- Buy an ID bracelet and make sure your loved one always wears it. If possible, have the bracelet engraved with a phrase such as “memory impaired” to let first responders know they have Alzheimer’s disease or dementia.
- Make sure your loved one sees an eye doctor regularly and has their eyeglass prescription updated as needed. If they wander, having the right prescription can reduce their risk of injury by making it easier to see potential obstacles.
What to Do If Your Loved One Wanders Away
If your loved one wanders, start looking for them right away. People with Alzheimer’s disease and dementia are usually found close to their homes, so check the yard, walk up and down the street, look around the corner and ask the neighbors if they saw your loved one. Don’t forget to check near shrubs and trees, as they may make it difficult to see your loved one from a distance. If you don’t find them within 15 minutes, call 911 and report them missing.
Agitation and Aggression in People With Alzheimer’s Disease and Dementia
Wandering isn’t the only concern for people with dementia and the people who love them. You may have noticed that your loved one becomes agitated or exhibits increased aggression after an Alzheimer’s disease or dementia diagnosis.
Agitation isn’t just a symptom — it’s a behavioral syndrome that causes restlessness, increased aggression, emotional distress and uncontrolled motor activity. According to an article published in Frontiers in Neurology, agitation occurs in approximately 30% to 50% of people with Alzheimer’s disease, 40% of people with frontotemporal and vascular dementia, and in 30% of those with Lewy body dementia.
Causes of Agitation and Aggression
People with dementia might develop agitation and aggression for a variety of reasons:
- Increased stress
- Pain caused by arthritis and other medical conditions
- Altered sleep habits
- Loss of independence
- Medication interactions
How to Respond to Agitation and Aggression
If your loved one becomes agitated or displays aggressive behavior, it’s important to respond with patience and compassion. The aggression may get worse if you show that your feelings are hurt or try to push them to behave in a different way. Let your loved one know that you value their feelings and will do everything in your power to help them.
The National Institute on Aging also recommends the following:
- Allow your loved one to keep as much of their independence as is safe.
- Establish a routine for your loved one to follow each day. Knowing what to expect can prevent your loved one from getting confused and becoming agitated.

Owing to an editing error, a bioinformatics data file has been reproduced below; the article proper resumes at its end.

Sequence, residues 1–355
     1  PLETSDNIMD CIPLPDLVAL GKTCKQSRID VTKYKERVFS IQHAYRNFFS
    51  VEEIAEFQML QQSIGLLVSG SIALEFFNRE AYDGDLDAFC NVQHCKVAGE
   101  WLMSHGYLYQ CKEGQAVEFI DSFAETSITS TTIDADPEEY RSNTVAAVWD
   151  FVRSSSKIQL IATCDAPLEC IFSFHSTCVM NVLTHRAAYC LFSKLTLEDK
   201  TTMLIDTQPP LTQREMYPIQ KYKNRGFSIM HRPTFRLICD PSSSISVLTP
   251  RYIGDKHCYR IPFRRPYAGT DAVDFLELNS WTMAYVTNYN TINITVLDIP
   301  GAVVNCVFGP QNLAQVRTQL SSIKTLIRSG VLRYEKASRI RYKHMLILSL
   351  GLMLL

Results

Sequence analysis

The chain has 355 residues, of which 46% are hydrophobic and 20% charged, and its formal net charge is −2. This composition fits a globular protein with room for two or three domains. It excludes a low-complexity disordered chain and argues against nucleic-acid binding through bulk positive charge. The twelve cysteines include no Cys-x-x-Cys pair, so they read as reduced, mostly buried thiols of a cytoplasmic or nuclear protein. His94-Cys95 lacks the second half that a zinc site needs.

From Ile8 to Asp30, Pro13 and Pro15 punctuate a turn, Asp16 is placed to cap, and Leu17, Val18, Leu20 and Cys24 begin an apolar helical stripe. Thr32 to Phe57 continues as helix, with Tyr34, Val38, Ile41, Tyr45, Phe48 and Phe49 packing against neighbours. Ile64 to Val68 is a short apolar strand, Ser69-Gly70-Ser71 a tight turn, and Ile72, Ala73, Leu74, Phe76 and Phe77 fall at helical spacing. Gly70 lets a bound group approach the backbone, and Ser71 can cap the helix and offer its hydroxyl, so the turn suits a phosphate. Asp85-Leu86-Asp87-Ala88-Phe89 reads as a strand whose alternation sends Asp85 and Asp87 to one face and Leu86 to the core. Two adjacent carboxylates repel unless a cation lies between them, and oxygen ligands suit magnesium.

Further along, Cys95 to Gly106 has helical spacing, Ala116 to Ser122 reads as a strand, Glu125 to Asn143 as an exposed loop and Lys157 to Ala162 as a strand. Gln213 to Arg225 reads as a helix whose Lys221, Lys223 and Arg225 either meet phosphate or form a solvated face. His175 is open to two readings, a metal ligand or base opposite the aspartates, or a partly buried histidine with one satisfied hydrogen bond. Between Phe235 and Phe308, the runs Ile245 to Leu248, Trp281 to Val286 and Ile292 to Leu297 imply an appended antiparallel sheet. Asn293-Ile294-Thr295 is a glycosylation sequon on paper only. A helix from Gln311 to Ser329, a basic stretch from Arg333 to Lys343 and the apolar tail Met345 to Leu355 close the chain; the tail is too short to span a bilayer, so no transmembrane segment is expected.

- Make sure your loved one gets plenty of quiet time each day. If you plan an outing, make sure you don’t have activities planned one after the other. A lack of quiet time can lead to aggressive behavior.
- Surround your loved one with photographs and other mementos to remind them of the good times they’ve had.
- Eliminate clutter from your loved one’s home. Too many items can make it difficult to navigate a house or apartment, leading to frustration that can cause agitation.
- Make sure your loved one eats plenty of nutritious food with low levels of sugar and caffeine.
How to Get Help
If you have trouble coping with your loved one’s agitation and aggression, contact a trusted family member for support. You should also contact your loved one’s doctor to let them know about the increased aggression. Since aggression can indicate that Alzheimer’s disease and dementia are progressing, the doctor may be able to prescribe medications or recommend other treatment options.
It can be difficult to cope with agitation and aggression, especially if they occur frequently. The National Institute on Aging operates the Alzheimer’s and Dementias Education and Referral Center. If you need extra support, call the ADEAR Center at (800) 438-4380 for information on local resources.
Hallucinations, Delusions and Paranoia in People With Alzheimer’s Disease and Dementia
Even if your loved one isn’t agitated or aggressive, they may have hallucinations, delusions or paranoia as a result of their Alzheimer’s disease or dementia. A hallucination is a false perception of an object or event. You may notice your loved one experience one or more of the following:
- Tactile hallucinations: These are hallucinations involving the sense of touch. Your loved one may report that someone is touching them or that they feel something moving around inside their body.
- Auditory hallucinations: Auditory hallucinations are associated with a person’s sense of hearing. This type of hallucination causes someone with Alzheimer’s disease or dementia to hear things that aren’t really there.